EDMONTON -- Warning: this story contains disturbing details.

Crown prosecutors continued their push on Friday for a 22 1/2 year sentence for an Edmonton nightclub promoter convicted on five counts of sexual assault. 

Matthew McKnight, 33, was accused of sexually assaulting 13 women ranging in age from 17 to 22 from 2010 until 2016, when he worked at Knoxville's Tavern.​

In January, a jury convicted him on five of those counts after he had pleaded not guilty.

Friday marks the seventh day of sentencing proceedings in Alberta's Court of Queen's Bench for what was initially scheduled to be a three-day hearing. Sentencing is scheduled for 2:30 p.m. on July 31. 

McKnight addressed the court near the conclusion of the hearing that ran into Friday evening.

“I know that many people think me to be an unfeeling monster but that is not the case at all. My heart is bursting, and I feel like absolute garbage for making people feel that way,” he said. “While I stand by my testimony at this trial, I recognize that I have no one but myself to blame for the situation I find myself in.”

“In addition to losing my career, my home, my reputation, and my liberty over these last four years, I’ll now lose my freedom completely, and I am extremely repentant.”

Prosecutor Mark Huyser-Wierenga challenged the defence's sentencing argument of between just under five and nine years. 

"Five rapes against five young women and the bottom line sentence that is proposed as fit and appropriate is less than five years," he questioned. 

Huyser-Wierenga also argued that there's been no evidence detailing the psychology behind what he termed McKnight's "troubling pattern of abuse." 

"We have no understanding of why Mr. McKnight raped five women over six years," he said. 

"Hook up culture doesn’t involve raping people you’re hooking up with." 

Huyser-Wierenga also challenged the defence's assertion that as a young, first-time offender McKnight had strong prospects of rehabilitation. 

"Where's the evidence for that?" 

He also noted that a 22 1/2 year sentence doesn't necessarily equate to the same amount of time in an institution given  statutory release and parole regulations. 

In earlier submissions, prosecutors told Judge Doreen Sulyma she has a "unique opportunity to denounce and deter" McKnight's crimes. 


In his sentencing submissions, defence lawyer Dino Bottos argued that the Crown had "lost perspective in this case."

"I've never been involved in a case where Crown and defence have been so far apart," Bottos said. 

"Their submissions seem to be calling for a vengeful sentence," he said. 

"Something that may make some people in this public feel good. It may quench their thirst for blood, however that's not how we sentence offenders in Canada."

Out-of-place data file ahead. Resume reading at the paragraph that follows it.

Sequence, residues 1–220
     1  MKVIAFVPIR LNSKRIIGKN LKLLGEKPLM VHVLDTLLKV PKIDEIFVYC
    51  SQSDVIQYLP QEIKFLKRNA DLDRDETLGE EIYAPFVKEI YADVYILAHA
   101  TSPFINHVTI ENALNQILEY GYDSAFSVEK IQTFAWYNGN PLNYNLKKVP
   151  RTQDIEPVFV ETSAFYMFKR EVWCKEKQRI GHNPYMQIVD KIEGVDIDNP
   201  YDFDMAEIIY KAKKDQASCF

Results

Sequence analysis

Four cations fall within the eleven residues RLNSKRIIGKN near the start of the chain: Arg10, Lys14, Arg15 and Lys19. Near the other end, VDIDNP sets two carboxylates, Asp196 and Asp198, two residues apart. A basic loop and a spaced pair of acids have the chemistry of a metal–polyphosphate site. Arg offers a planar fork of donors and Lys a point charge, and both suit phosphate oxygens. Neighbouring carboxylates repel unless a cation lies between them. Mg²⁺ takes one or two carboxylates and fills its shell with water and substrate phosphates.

Bottos presented six factors he says should mitigate McKnight's sentence, including what he termed the vigilante justice McKnight suffered in a 2016 beating from his cellmate at the Edmonton Remand Centre  

McKnight required stitches and staples following the attack where he was punched to the ground and kicked multiple times in the head. He earlier told the court he fears for his safety while incarcerated.

The Crown has argued the beating should have no effect on the sentence, saying McKnight could've asked the guards for protection but didn't. 

Bottos also noted what he called an "inordinate" amount of public condemnation as well as how McKnight was a first-time offender, had strong family support and had complied with his bail conditions for nearly four years. 

"He's suffered far more than your average sex offender."

Bottos has also argued McKnight's five convictions should not all carry equal weight in sentencing. 

"The subject, individual offender and society will have already learned a lesson from the first conviction and sanction, lessening the need to punish to the same degree with each subsequent sentence," he said. 

"If you aggregate a series of major sexual assaults, if you aggregate a sentence of serious offences, that does crush a person and it’s in those circumstances that totality must be more carefully considered."


The court has heard McKnight met most of the women in bars and assaulted them at his apartment.

Four of McKnight's five victims have addressed the court with victim impact statements. 

"You saw intoxication as an opportunity," one of the women told the court.

"My body didn’t feel like mine because I wasn’t in control," she said in her victim impact statement.

"I felt robbed, invaded, worthless and helpless."

The woman, whose identity is protected by a publication ban, said she remained silent about the attacks for years until hearing of other victims and going to the police. 

"I stand here against sexual predators," she said. "I stand here so he can never do this to anyone else."

Others told the court they still suffer from anxiety, panic attacks and nightmares following the assaults.